Also notable was the mini-lecture Parcells provided the media, by suggesting that the victory meant the outside world can no longer ascribe the term "losers" to the Cowboys. It wasn't so much an in-your-face salvo -- unlike his longtime buddy, Bob Knight, Parcells doesn't overtly stick the needle into the cushion -- as it was a reminder to those who felt the Cowboys would win about six games in the first season of the coach's stewardship. Uh, message clearly received, your Tuna-ness. Outsiders keep looking at the schedule and expecting the Cowboys to fold. Not surprising, given that Parcells doesn't possess a terribly strong hand, and holds very few trump cards. But he's done an incredible job, to this point, bluffing his modest team into believing it can take the pot.
Now that he's reminded the guys in his locker room of that possibility, Parcells decided Sunday to take the message to the folks outside of the Cowboys family, and it was a calculated move, to be sure. It was also the move of a man proud of what his charges have accomplished to this point.
McNabb and McAllister shine
It seems an understatement to point out that Philadelphia Eagles quarterback Donovan McNabb is one of the league's hottest players over the last month or so. But watching the Eagles' victory over New Orleans on Sunday, it occurred to us that a guy who never gets any notice is Saints tailback Deuce McAllister, who has eight straight outings of 100 or more rushing yards.
The remarkable McAllister notched 232 total yards from scrimmage in the Saints' latest failure in a big statement-type game. (Actually, guys named "Deuce" or "Duce," as in Staley of the Eagles, combined for 335 all-purpose yards). A week ago, McAllister had 237 yards from scrimmage. His two-week total of 469 yards is believed to represent one of the best fortnights in the last 20 years.
For a guy who was hurt way too often at the University of Mississippi, then played second fiddle to Ricky Williams during his rookie campaign with the Saints, he has become a superb back. Few tailbacks in the league combine his speed, size and grace.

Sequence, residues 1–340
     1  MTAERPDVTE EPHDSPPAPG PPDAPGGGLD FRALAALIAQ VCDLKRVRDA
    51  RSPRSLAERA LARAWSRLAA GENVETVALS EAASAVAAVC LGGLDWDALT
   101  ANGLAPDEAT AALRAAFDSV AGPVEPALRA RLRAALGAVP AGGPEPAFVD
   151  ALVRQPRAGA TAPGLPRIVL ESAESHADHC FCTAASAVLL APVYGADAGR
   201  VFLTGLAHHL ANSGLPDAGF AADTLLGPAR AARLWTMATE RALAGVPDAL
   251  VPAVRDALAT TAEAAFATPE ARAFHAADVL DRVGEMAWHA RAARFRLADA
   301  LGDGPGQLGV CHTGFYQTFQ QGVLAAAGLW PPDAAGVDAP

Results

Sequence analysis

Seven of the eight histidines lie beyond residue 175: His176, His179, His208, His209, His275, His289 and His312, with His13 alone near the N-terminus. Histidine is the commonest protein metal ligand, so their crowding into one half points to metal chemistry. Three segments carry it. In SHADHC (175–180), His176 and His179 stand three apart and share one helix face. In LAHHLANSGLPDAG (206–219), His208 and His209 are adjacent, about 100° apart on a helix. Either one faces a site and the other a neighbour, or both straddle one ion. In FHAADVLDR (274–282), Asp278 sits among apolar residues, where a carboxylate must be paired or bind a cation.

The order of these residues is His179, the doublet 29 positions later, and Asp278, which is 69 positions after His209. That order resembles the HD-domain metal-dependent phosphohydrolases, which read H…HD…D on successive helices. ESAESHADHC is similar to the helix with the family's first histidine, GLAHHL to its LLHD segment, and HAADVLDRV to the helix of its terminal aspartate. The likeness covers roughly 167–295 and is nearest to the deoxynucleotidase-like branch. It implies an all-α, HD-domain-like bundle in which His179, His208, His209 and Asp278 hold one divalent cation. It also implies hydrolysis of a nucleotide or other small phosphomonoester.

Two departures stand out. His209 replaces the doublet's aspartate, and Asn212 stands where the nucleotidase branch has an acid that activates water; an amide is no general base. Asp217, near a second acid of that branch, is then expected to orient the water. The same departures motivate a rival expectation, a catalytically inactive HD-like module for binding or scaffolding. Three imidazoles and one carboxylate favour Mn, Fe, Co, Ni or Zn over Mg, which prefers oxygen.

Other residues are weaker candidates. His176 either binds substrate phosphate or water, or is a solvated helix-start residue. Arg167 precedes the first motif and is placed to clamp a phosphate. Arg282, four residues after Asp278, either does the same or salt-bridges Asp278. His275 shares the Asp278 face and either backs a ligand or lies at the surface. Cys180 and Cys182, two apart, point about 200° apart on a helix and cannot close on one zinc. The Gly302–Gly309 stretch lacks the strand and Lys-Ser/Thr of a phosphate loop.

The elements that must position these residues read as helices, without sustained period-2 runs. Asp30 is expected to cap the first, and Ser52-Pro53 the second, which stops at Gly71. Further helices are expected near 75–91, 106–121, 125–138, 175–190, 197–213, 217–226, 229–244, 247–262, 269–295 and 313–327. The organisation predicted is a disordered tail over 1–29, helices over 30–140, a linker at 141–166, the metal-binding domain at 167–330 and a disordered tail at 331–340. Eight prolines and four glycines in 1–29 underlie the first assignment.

OK, now back to McNabb, who has rallied his once sputtering team to six straight wins. In the last five weeks he has a quarterback rating of 103.7, has completed 65.5 percent of his attempts, thrown for six touchdowns and tossed just one interception.
Kitna keeps passing tests
This week's chicken-and-egg conundrum: Are the Cincinnati Bengals winning because Jon Kitna is turning the ball over significantly less these days? Or are the Bengals improving so much that Kitna's ball security, frequently a problem in the past, has suddenly become just a by-product of his club's performance?
We're guessing that the former is true. In the team's six victories, the formerly mistake-prone Kitna has 15 touchdown passes and just a lone interception. In five defeats, the pickoffs outnumber the scores, 8-4. But there was Kitna again on Sunday, throwing four touchdown passes against woeful San Diego, and not surrendering the ball a single time on a turnover. Consider this: Had the Baltimore Ravens not staged the greatest comeback in their brief history, the Bengals would hold sole possession of first place in the raggedy AFC North through 12 weeks of the season.
It is the sign of a maturing team, and a maturing quarterback as well, that Cincinnati did not display a single sign of letdown coming off last week's emotional win over Kansas City. As most longsuffering Bengals fans know, few observers would have been shocked had the team gone to the West Coast and frittered away its hard-earned prosperity. But this is a different Bengals team under Marvin Lewis and Kitna is a different player as well.